The British Expeditionary Force moved north into Belgium to take up the left flank of the now defensive armies to threaten the German right flank and put the British forces nearer the Channel ports to ease resupply.

The 20th Hussars moved out on 30th September 1914. They reached Houthem, 5 miles south east of Ypres in Flanders, on 15th October after a march of some 150 miles (240 kms). They were dismounted, digging in with great difficulty as their digging tools had been left behind in the Marne crossing. Bayonets, spoons and tools borrowed from the reluctant locals were used to dig in.

In October 1914 the 10th Hussars landed in Belgium with the 6th Cavalry Brigade, 3rd Cavalry Division, and fought in a dismounted role in the First Battle of Ypres (19th October to 22nd November 1914) with the 11th and 20th Hussars. After trench warfare set in cavalry soldiers often did trench duty on their feet. Occasionally they were reunited with their horses to serve as mounted reserves or on mobile patrols, but the use of mounted cavalry was very limited.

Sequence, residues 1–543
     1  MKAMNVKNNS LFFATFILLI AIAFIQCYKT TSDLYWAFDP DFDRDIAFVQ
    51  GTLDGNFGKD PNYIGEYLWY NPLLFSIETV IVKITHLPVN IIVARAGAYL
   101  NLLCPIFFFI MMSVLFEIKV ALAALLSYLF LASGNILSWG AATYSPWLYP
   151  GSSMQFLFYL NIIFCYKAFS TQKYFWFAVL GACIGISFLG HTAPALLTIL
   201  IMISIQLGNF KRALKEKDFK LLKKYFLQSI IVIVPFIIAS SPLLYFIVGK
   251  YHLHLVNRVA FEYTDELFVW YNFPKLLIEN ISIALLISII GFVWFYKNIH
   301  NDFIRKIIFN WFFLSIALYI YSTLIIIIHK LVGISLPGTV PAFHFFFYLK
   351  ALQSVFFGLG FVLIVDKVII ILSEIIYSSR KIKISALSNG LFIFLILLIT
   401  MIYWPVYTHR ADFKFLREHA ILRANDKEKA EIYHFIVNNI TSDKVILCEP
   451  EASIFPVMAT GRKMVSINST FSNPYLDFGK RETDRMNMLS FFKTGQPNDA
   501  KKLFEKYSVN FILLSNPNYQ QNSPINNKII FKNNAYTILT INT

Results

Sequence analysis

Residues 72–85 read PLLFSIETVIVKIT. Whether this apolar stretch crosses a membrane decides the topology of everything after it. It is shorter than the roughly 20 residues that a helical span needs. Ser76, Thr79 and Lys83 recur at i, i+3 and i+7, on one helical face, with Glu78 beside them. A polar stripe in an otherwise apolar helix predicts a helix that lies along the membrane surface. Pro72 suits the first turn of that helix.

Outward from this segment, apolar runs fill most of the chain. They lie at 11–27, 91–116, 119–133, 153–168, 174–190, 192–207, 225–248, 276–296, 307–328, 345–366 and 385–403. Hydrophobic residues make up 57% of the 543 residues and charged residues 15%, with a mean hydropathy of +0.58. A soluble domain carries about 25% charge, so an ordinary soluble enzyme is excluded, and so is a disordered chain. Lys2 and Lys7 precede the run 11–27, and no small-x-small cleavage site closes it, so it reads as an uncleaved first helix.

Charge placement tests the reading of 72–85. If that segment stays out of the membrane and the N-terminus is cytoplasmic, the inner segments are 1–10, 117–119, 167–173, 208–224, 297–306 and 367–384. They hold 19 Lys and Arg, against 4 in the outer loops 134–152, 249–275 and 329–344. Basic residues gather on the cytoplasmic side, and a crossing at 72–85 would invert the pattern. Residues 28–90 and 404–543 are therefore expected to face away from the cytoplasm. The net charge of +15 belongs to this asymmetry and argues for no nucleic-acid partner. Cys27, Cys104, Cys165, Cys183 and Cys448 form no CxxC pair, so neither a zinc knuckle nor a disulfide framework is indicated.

The 20th Hussars, though busy with patrols and static defence, were not called upon to take any large part in the First Battle of Ypres. When the enemy had been pushed back east of Ypres and Armentières, the 20th began to fill in the gap between those towns acting as infantry. They were withdrawn from the line on 22nd November, settled into winter quarters and began infantry training, bayonet drill, reorganising, fitness training and replacing casualties.

All three regiments were subsequently involved in the Second Battle of Ypres from 22nd April to 15th May 1915. They were awarded the battle honour ‘Ypres 1914-15’, and the 10th Hussars were awarded ‘Frezenberg’, which was fought from 8th to 13th May 1915, and was one of four battles which became known as the Second Battle of Ypres.